Habitat loss through urban and agricultural developments, as well as the impacts of Sudden Oak Death, summer droughts and poisons used to kill ground squirrels were thought to be potential threats to the species (see Marzluff and Sharpe 2018). These may have caused minor local declines, but the species was still abundant in other areas (Marzluff and Sharpe 2018), such that these threats were thought to have no/negligible impacts on the species as a whole and the population was deemed to be stable, although Airola et al. (2007) suggest the species may have even increased between 1980/81 and 2001/02. However, since the mid-2000s the population has been in very rapid decline as West Nile Virus (WNV) sweeps through the population and it is thought to have suffered the largest, range-wide impact from WNV of any bird species (Kilpatrick and Wheeler 2019). It was first noted in 2003 (Reisen et al. 2004) and although there was suggestions of a potential recovery after 2007-08 (W. Koenig et al. 2012), recent evidence concludes that the species is continuing to decline, possibly due to the species's limited range and the fact that WNV transmission has occurred throughout its range in every year since 2004, despite the peak of the outbreak being a number of years ago (Kilpatrick and Wheeler 2019).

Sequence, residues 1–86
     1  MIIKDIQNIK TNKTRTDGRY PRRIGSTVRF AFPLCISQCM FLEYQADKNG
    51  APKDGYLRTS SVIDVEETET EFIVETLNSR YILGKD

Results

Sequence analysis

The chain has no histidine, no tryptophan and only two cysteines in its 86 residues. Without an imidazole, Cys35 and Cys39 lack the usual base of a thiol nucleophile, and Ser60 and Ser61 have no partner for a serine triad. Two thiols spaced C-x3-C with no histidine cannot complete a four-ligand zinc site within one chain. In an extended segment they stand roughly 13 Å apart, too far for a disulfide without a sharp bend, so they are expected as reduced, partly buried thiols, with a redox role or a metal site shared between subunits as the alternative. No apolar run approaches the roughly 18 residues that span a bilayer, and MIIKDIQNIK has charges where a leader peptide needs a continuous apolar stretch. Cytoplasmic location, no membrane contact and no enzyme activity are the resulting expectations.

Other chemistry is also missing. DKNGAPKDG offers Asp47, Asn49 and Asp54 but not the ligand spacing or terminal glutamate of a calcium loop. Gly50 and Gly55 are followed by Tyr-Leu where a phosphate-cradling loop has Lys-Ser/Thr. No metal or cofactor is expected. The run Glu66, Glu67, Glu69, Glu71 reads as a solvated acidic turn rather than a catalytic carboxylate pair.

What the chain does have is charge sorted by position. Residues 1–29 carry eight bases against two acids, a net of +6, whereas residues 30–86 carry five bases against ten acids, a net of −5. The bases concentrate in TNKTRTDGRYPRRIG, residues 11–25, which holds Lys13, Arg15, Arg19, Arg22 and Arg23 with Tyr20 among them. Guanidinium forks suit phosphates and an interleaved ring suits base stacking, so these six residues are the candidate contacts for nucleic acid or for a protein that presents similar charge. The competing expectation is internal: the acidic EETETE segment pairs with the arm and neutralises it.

Conservation actions

Conservation Actions Underway
This species has been the subject of monitoring through citizen science surveys. The species is included on the 'Watch List' of the State of North America's Birds as a species of high conservation concern (NABCI 2016).

Conservation Actions Proposed
Continue to monitor the species's population trend through regular surveys. Protect areas of suitable habitat.


Text account compilers
Hermes, C., Everest, J.

Ashpole, J, Butchart, S., Derhé, M., Ekstrom, J., Koenig, W., Meehan, T., Sharpe, C.J., Symes, A., Taylor, J. & Westrip, J.R.S.

Recommended citation
BirdLife International (2022) Species factsheet: Pica nutalli. Downloaded from on 19/08/2022. Recommended citation for factsheets for more than one species: BirdLife International (2022) IUCN Red List for birds. Downloaded from on 19/08/2022.